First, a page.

College financial aid basics

Get the information you need on various scholarship, grant and loan options available to help cover the costs of college.

Financial aid can be a key part of planning and paying for higher education. Even for families that may not qualify for need-based aid, there are financial aid opportunities that can help defray the high costs of education.

As you begin exploring your financing possibilities, we will help you evaluate various types of financial aid options available to create a college payment strategy that includes your financial aid package.

In this article:

What is and isn’t considered financial aid, and how does it work?

Financial aid is any college funding that doesn't come from family, personal savings or earnings. It includes grants, scholarships, work-study jobs and federal or private loans. A variety of sources offer aid, including federal and state agencies, colleges, high schools, community organizations, foundations, corporations and more.

There are two main categories of financial aid:

  • Need-based aid is awarded based on an assessment of a student’s ability to pay.
  • Merit-based aid is awarded for special talent or a demonstrated ability, such as in academics, athletics or music. 

Another aspect of financial aid to consider is the repayment terms. Most scholarships and grants do not have to be repaid. Most loans do.

How financial aid is determined

The first step in obtaining most financial aid is to fill out the Free Application for Federal Student Aid (FAFSA). In some cases, you’ll also have to submit the CSS Profile.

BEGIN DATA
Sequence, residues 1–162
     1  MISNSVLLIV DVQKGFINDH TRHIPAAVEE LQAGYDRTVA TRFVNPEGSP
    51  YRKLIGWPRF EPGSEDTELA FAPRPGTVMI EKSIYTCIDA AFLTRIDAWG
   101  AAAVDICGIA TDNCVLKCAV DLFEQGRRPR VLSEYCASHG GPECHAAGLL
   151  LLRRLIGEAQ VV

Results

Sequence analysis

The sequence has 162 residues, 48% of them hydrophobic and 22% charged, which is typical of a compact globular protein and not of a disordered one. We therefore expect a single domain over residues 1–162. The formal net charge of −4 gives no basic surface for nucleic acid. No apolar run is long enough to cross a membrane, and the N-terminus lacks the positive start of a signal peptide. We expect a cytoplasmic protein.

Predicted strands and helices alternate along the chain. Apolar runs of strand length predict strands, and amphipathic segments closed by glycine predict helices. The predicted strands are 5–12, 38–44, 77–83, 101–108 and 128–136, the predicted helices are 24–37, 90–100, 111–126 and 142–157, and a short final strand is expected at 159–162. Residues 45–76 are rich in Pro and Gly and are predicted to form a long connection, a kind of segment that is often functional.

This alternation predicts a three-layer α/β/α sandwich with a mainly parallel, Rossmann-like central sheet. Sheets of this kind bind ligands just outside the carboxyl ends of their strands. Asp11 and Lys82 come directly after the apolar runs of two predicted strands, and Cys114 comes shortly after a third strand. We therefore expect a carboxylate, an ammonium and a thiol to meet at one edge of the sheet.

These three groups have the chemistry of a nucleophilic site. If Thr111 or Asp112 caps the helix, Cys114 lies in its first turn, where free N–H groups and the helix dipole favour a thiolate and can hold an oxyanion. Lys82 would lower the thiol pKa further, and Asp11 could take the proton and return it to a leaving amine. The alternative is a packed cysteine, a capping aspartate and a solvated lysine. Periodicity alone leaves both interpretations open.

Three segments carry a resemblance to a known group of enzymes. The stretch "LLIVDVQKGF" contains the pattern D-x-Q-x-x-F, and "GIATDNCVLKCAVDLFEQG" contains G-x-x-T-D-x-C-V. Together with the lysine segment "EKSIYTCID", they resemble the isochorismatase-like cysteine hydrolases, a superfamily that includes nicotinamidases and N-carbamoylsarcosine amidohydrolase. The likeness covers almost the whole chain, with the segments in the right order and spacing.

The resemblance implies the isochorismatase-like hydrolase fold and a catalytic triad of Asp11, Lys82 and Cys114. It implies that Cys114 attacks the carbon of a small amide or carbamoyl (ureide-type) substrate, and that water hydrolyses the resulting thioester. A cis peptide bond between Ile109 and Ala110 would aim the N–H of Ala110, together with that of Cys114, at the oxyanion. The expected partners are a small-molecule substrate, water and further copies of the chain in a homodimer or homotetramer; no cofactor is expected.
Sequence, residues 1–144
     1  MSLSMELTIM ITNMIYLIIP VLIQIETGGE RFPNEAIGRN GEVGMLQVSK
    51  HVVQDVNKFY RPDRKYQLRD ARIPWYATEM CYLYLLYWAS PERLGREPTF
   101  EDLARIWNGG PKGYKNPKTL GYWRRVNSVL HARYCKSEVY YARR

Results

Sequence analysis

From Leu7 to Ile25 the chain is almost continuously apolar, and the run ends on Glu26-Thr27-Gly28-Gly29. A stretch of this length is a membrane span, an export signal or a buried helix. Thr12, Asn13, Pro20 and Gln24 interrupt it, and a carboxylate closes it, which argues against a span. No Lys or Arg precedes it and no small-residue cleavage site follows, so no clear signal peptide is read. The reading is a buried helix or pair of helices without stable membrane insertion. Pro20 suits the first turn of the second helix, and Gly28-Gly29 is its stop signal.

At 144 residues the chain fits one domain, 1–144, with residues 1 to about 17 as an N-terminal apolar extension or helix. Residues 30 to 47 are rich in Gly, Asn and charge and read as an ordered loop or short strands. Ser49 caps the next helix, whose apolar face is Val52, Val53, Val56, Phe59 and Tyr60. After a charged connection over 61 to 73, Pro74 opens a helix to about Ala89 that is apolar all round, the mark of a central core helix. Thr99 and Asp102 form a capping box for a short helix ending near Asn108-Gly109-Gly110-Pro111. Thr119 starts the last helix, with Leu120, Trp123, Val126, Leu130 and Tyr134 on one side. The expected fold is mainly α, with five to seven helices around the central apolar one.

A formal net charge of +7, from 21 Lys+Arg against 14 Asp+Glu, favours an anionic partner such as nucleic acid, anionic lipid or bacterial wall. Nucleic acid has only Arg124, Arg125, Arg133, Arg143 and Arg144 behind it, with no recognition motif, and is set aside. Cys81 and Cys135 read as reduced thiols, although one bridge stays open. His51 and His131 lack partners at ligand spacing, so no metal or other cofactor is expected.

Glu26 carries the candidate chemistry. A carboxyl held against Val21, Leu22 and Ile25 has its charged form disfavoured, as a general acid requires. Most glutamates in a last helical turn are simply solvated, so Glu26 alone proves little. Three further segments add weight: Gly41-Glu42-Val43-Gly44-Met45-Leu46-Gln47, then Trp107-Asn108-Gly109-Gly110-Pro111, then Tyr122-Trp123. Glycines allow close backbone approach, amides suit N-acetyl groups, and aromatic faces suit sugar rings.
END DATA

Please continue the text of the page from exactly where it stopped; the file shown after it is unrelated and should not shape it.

• The FAFSA is the universal application required by every higher education institution for students to obtain federal aid, including loans, grants and work-study jobs. It collects information on a family’s financial situation to assess need and determine aid from the government and many colleges and universities. Parental and student income is the primary determinant of financial aid under the FAFSA. However, certain assets are also considered, including bank and brokerage accounts and college savings plans like Coverdell savings accounts or 529 plans.
  • The College Scholarship Service (CSS) Profile is an additional application used by about 300 colleges and universities, including many of the most selective schools in the country, to obtain financial aid from sources other than the federal government.

Advice spotlight

Don’t skip the FAFSA

Students should submit a FAFSA every year even if their family doesn’t think they will qualify for need-based financial aid. The FAFSA provides key inputs for a financial aid package and is often used to obtain non-need-based federal loans and merit-based aid.

Types of financial aid for college

There are three main types of financial aid: grants and scholarships, work-study programs and loans.

1. Grants and scholarships

Grants and scholarships don’t require repayment, making them a desirable part of any financial aid package.


Colleges and universities, private foundations and state governments all offer grants, but the federal government is the primary source. Most federal grants are based on financial need or other special circumstances.

Notable federal grants include:

  • Pell Grants: Need-based grants based on expected family contribution.
  • Federal Supplemental Educational Opportunity grants: Awarded to students with exceptional financial needs.
  • Iraq and Afghanistan Service grants: Reserved for children of U.S. Armed Forces members who died as a result of serving in Afghanistan or Iraq after 9/11.